Game Theory

God of War: Ragnarok needs to steal a controversial Last of Us 2 twist

A bold narrative pivot could be exactly what the sequel needs.

Originally Published: 
God of War

Many recent exclusive PlayStation games have a lot in common.

Dark, gritty single-player adventures have been Sony’s bread and butter for the past several years, as evidenced by the likes of Days Gone, The Last of Us Part II, Ghost of Tsushima, and God of War to name a few.

God of War and The Last of Us both depict a parent-child relationship, and although the settings and context of each couldn’t be more different, you can’t deny the thematic resonance — or the similarities in terms of overall gameplay and plot structure. Is it possible the God of War sequel will continue this trend and borrow from The Last of Us Part II?

The sequel to God of War, which we’ll refer to as Ragnarok here (thanks to an ongoing but unconfirmed rumor), is in development and may be shown off during the September 9 PlayStation Showcase. With that in mind, what better time to speculate about a possible Ragnarok feature that could be influenced by The Last of Us Part II?

Spoilers for both God of War and The Last of Us Part II ahead.

The Switcheroo

Being able to play as Atreus could turn the sequel on its head.


In God of War, you play as Kratos, a father on a journey to spread his wife’s ashes atop a mountain with his son Atreus. The bond between the two grows over time as they work together to reach the highest peak of the nine realms.

Though you never actually play as Atreus in God of War, he is very much a leading character who feels just as important as Kratos. You can issue commands to him in battle, and he even has his own skill trees. At the end of the game, it’s revealed that Atreus is actually Loki, the God of Mischief (at least, according to Norse mythology).

Because of this, it’s easy to assume we might get to play as Atreus in God of War: Ragnarok. This hasn’t been confirmed, but it would certainly make sense and would offer an exciting change of pace from the 2018 game. As you might recall, a similar twist was implemented in The Last of Us Part II, forcing you to play as Abby for half the game instead of Ellie. While this was controversial in The Last of Us Part II, it generated a discussion and assuredly wasn’t expected.

God of War subverted expectations by featuring more refined combat, an engaging story, and a grounded, relatable version of Kratos who was much more likable than previous games. Gone was the screaming meathead in favor of a lovable, complex father figure.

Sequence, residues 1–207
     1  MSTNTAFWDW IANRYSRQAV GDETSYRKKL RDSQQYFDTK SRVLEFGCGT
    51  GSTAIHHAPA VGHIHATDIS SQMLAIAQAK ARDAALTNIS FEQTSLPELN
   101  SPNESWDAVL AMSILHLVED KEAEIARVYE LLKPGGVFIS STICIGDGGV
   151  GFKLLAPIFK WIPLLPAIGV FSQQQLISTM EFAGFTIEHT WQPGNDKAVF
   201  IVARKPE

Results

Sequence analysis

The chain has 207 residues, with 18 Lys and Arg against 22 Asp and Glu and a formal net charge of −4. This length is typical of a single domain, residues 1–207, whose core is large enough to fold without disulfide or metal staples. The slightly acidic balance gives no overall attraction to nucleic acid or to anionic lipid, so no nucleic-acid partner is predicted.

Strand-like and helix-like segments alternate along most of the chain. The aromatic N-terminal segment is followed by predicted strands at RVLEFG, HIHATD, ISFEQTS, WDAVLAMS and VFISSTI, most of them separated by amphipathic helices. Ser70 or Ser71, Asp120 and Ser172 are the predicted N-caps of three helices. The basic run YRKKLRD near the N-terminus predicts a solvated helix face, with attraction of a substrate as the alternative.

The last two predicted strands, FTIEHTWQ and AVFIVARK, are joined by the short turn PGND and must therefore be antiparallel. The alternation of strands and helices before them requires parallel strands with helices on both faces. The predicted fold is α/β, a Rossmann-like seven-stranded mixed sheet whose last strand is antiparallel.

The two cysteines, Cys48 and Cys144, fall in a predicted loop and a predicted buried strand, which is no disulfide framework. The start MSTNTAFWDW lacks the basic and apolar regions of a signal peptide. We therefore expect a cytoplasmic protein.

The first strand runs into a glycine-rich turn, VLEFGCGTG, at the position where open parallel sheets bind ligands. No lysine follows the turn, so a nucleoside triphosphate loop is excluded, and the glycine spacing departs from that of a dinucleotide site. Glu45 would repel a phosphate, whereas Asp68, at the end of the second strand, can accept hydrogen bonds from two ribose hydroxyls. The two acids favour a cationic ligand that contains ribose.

The thing is, developer Santa Monica Studio can’t simply recreate what was done in the original and expect it to meet expectations. Being able to play as Atreus/Loki is the next logical step that would be enough of a change of pace to make the sequel special.

This would also introduce some variety in gameplay since Atreus is best known for using a bow and limited magic rather than Kratos’ brute force. There could be a number of ways to tackle certain objectives, possibly with stealth at the forefront. There’s no shortage of things that could be done with the gameplay if Atreus is added to the mix.

A familiar, yet unexpected antagonist

What if Atreus becomes the antagonist?


Seeing as how Santa Monica Studio set the bar so high with God of War, simply allowing us to play as Atreus might not be enough.

In keeping with the theme of borrowing from The Last of Us Part II, what if God of War Ragnarok actually pits Kratos and Atreus against one another? This would certainly come as a surprise, and if done properly could be just as compelling — if not more — than the 2018 game.

There are many ways this could be done thanks to the freedoms introduced with Norse mythology. Atreus or Kratos could be under a magic spell that turns them evil, leading to a brutal fight between father and son.

Perhaps Atreus will end up killing Kratos, but will be tasked with descending into the depths of Hel to bring his soul back to revive him. There are just so many interesting possibilities with this idea that could blow the predecessor out of the water.

Can you imagine the tension of forcing Kratos and Atreus to battle it out? Pushing boundaries like this is what Sony’s first-party studios are known for, and this would be an incredible way to execute a tense, yet memorable experience that doesn’t simply retread the waters of 2018’s God of War.

It’s not enough to simply match the quality of the original. Based on the passion and drive of Santa Monica Studio, creating an even more memorable experience is likely the main goal for the sequel.

We’ve got our fingers crossed God of War: Ragnarok will make an appearance during the upcoming PlayStation Showcase on September 9.

This article was originally published on

Related Tags